The Ancestral Tradition of Talha Wines in the Alentejo

Despite being an ancient process, finding clay pots intended for fermenting the must and storing the wine is still a standard procedure in some Alentejo wineries. This traditional system dates back to the Roman period, as evidenced by traces dating back to that time.

The history of Alentejo wine

The culture of grape cultivation and wine production in this region is ancient. Even if we cannot attest to who introduced the culture of these practices, history tells us that when the Romans arrived in the lands of the Center South of Portugal, territories that are located today n the Alentejo region, wine culture was already part of the habits and traditions of the local population. History says that the Tartessians introduced the culture of wine. Soon after, the Phoenicians maintained the cultivation of grapes and began to trade wines and use them as a bargaining chip.

A few years later, the Greeks arrived in this region and implemented new winemaking techniques, including using amphoras in wine production.

Found in an archaeological site in Alcácer do Sal, an amphora that the Greeks used to dilute their wines before consumption.

Even with all the technology and new equipment of the modern world, some wineries in the Alentejo region still maintain the tradition of ancient and traditional techniques using amphorae in producing their wines.

Alentejo region and its terroir

With landscapes marked by small reliefs, a hot and dry climate, and different soil types such as shale, clay, marble, granite, and limestone, the Alentejo is a surprising wine region located in the center south of Portugal.

Alentejo's Wine Routes: A Journey Through Vineyard Bliss.

Alentejo’s Wine Routes: A Journey Through Vineyard Bliss.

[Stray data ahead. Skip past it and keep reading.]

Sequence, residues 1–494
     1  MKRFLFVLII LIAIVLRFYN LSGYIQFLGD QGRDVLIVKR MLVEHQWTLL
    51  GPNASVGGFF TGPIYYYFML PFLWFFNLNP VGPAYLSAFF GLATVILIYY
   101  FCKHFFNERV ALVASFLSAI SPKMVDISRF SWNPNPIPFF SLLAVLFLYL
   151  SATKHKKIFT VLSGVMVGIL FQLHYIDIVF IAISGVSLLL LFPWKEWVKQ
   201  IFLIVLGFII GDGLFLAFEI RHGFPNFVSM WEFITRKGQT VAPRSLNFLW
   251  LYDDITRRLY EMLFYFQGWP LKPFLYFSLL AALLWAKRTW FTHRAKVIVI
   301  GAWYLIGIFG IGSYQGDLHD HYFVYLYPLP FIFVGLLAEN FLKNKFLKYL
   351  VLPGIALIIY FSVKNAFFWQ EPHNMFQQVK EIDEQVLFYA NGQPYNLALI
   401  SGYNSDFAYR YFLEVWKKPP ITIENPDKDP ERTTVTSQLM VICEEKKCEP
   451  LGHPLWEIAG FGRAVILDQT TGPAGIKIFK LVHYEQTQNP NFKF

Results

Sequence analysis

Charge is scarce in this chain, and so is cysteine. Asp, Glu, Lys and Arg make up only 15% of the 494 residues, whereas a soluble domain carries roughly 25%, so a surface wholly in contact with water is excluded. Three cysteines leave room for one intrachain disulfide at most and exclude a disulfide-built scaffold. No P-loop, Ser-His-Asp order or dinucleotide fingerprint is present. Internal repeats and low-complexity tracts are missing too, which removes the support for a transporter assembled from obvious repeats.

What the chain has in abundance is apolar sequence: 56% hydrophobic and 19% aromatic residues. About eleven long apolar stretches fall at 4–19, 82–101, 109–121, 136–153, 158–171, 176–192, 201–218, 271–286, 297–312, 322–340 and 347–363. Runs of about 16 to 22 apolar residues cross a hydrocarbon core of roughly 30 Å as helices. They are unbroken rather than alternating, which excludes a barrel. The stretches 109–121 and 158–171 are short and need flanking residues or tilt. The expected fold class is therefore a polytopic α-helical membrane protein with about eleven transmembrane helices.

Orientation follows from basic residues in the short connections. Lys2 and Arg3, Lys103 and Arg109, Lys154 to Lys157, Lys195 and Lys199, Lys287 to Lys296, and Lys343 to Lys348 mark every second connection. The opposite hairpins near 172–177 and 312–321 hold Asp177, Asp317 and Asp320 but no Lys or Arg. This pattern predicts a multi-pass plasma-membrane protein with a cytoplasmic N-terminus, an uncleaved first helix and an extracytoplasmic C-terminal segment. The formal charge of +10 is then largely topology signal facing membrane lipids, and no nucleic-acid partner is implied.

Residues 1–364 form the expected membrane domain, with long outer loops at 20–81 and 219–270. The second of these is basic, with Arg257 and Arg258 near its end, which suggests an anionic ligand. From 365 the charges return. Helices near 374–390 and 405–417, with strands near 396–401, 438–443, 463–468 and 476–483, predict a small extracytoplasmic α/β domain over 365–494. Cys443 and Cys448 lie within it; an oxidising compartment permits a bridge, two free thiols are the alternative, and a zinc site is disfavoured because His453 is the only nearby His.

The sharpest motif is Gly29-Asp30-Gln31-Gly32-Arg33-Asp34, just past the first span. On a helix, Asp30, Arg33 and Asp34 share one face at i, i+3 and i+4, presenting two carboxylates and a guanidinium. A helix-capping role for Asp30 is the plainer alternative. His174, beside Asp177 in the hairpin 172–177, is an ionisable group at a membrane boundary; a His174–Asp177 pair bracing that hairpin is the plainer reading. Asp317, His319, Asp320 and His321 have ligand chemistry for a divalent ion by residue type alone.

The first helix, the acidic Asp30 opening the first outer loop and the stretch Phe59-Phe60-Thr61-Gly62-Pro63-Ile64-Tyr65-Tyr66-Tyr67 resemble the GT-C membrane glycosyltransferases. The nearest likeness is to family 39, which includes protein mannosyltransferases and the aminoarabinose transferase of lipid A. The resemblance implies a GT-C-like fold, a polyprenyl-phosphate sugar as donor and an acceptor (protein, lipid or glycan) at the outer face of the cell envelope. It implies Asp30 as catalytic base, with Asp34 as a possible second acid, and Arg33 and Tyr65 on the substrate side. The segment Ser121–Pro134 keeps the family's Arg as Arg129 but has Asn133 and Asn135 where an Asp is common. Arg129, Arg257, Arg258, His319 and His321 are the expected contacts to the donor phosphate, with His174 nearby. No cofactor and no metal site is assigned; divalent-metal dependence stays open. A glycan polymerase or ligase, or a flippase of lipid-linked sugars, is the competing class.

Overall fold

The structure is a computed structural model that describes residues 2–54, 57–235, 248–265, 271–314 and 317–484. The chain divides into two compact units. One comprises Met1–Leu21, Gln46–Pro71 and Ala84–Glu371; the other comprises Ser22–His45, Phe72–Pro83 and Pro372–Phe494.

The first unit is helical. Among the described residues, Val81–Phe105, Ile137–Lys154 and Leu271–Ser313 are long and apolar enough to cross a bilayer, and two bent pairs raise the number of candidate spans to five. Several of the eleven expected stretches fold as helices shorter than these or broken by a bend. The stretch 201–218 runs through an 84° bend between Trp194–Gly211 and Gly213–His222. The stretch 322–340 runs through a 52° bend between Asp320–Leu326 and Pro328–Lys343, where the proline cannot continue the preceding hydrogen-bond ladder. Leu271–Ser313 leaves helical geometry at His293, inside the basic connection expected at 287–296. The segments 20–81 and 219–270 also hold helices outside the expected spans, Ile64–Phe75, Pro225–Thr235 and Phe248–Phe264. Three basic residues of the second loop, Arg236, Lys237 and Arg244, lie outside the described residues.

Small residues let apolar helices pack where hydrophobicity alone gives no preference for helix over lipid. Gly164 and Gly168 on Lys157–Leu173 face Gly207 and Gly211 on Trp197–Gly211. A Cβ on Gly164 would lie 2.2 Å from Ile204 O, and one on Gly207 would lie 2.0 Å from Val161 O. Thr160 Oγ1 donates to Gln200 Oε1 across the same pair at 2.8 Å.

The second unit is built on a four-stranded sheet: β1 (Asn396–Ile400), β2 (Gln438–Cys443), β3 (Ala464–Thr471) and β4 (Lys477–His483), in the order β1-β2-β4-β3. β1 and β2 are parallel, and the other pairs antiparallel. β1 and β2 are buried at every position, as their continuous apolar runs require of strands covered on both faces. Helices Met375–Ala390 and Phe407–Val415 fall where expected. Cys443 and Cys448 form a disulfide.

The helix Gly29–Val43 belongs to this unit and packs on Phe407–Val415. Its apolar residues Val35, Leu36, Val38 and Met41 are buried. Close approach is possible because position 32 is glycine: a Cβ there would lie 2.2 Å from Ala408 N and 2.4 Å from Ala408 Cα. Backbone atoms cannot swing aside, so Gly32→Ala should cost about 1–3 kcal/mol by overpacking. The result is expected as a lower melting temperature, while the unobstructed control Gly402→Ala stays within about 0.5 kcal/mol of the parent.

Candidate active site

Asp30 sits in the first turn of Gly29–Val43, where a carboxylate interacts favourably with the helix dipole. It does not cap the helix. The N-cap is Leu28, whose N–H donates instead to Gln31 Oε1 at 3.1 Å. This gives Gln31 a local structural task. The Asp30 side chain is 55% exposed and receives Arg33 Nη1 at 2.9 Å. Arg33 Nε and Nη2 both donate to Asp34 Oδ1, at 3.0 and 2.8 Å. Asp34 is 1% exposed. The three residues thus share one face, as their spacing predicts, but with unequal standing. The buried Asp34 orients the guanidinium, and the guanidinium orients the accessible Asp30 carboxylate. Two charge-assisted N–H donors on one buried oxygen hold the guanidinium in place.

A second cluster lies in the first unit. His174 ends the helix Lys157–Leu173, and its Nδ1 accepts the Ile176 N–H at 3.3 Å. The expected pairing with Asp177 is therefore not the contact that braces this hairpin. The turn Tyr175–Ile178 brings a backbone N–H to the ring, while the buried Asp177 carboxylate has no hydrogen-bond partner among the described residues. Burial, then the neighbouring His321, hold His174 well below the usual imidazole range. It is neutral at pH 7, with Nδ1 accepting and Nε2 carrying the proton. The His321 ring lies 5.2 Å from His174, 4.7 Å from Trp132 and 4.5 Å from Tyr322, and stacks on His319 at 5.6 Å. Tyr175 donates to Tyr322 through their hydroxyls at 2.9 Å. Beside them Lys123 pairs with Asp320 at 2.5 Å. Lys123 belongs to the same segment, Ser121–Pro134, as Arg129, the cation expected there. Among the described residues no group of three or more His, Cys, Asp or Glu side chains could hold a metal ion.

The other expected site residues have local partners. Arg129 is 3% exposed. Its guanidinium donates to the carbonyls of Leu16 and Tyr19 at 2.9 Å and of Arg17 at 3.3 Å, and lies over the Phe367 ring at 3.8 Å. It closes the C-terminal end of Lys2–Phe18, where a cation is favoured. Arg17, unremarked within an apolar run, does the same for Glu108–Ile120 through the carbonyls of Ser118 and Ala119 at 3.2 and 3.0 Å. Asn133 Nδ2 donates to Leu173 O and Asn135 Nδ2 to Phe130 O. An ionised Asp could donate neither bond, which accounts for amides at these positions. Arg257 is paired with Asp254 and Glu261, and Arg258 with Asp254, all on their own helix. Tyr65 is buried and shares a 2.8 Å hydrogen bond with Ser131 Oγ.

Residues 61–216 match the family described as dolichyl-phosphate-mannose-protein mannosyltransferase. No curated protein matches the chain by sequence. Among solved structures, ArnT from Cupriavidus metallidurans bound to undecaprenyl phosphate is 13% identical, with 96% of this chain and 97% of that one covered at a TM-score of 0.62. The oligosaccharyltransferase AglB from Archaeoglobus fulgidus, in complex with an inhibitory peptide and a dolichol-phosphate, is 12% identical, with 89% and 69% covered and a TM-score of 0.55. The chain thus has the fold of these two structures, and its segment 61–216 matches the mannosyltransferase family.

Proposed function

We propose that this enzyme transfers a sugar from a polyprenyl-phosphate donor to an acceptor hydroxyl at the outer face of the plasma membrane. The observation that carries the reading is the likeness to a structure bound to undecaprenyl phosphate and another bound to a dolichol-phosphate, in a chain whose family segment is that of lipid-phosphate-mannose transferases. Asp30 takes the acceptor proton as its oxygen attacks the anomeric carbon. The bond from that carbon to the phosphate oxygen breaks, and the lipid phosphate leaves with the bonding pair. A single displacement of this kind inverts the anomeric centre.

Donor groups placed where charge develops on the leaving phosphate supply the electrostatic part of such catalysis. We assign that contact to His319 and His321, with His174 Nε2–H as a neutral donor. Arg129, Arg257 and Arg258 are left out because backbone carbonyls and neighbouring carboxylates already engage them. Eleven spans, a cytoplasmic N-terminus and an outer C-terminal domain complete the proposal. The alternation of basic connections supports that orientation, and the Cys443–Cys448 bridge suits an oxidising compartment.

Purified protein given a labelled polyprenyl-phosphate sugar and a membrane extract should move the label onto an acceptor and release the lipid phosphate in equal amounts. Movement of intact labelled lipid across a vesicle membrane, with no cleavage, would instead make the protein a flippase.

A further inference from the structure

About a third of the country’s area, Alentejo is divided into eight sub-regions, Borba, Évora which UNESCO recognizes as a World Heritage Site; Granja-Amareleja, Moura, Portalegre, Redondo, Reguengos and Vidigueira, which produce different types of grapes.

The Alicante Bouschet, Aragonez, Castelão, Trincadeira, Alfrocheiro, Antão Vaz, Arinto, Fernão Pires, and Roupeiro grapes are some of the highlights of this region, which also grows international varieties such as Syrah and Cabernet Sauvignon.

In addition to the Controlled Denomination of Origin (DOC) certification, which has specific delimited areas, authorized grapes, and some rules involving the entire winemaking process, the region has the Vinho Regional Alentejano. This term, found on several labels, includes wines produced with grapes from vineyards located outside the limits of the Denominations, providing more autonomy in the choice of varieties and expressing the personality and style of wines from the region.

The region also has a Regional Alentejo Wine Commission (CVRA), created in 1989 to protect, control and certify the wines that make up the DOC Alentejo and Vinho Regional Alentejano. The work of this organization can be verified utilizing an official seal or mark on the back label of the wines.

What is talha wine?

The talha wine is nothing more than a wine made in clay amphora. It’s believed that the name “talha” is a derivation of the Latin “tinalia,” which means “vase of great dimensions.”

Traditionally, to produce talha wine, the grapes are crushed using the standard treading system before being placed in the container. An ancestral tradition, there is a tendency not to intervene in wine; therefore, fermentation begins naturally through indigenous yeasts.

As soon as fermentation begins, the grape’s skin and other solid remains. Its bunch rise due to carbon dioxide in the butcher’s mouth. This layer is usually dipped at least twice a day towards the end of fermentation when it even descends to the bottom of the container.

The process is finished then, and a cloth or a wooden board is placed to cover the hoist. In the old days, the wine was “isolated” with a layer of olive oil of about 3 cm, something tight that is done nowadays.

This solid part assists in filtering the wine that traditionally goes from the hoist directly to the glass through a faucet attached to the end of the hoist.

What wines can be made in an amphora?

Wines that can be white or red elaborated radically differently from the standards of modern enology, maintaining the styles of the past without the fruit and clarity of aromas that most current whites enjoy today. But also without the degree of artificiality and lack of character that characterizes many of today’s wines. White wines that do not go through the obligatory fermentation at low temperatures are subject to an oxidative environment instead of the reducing environment favored at present, subjected to prolonged macerations with the skins, free of alterations and other constraints to which modern white wines are subjects.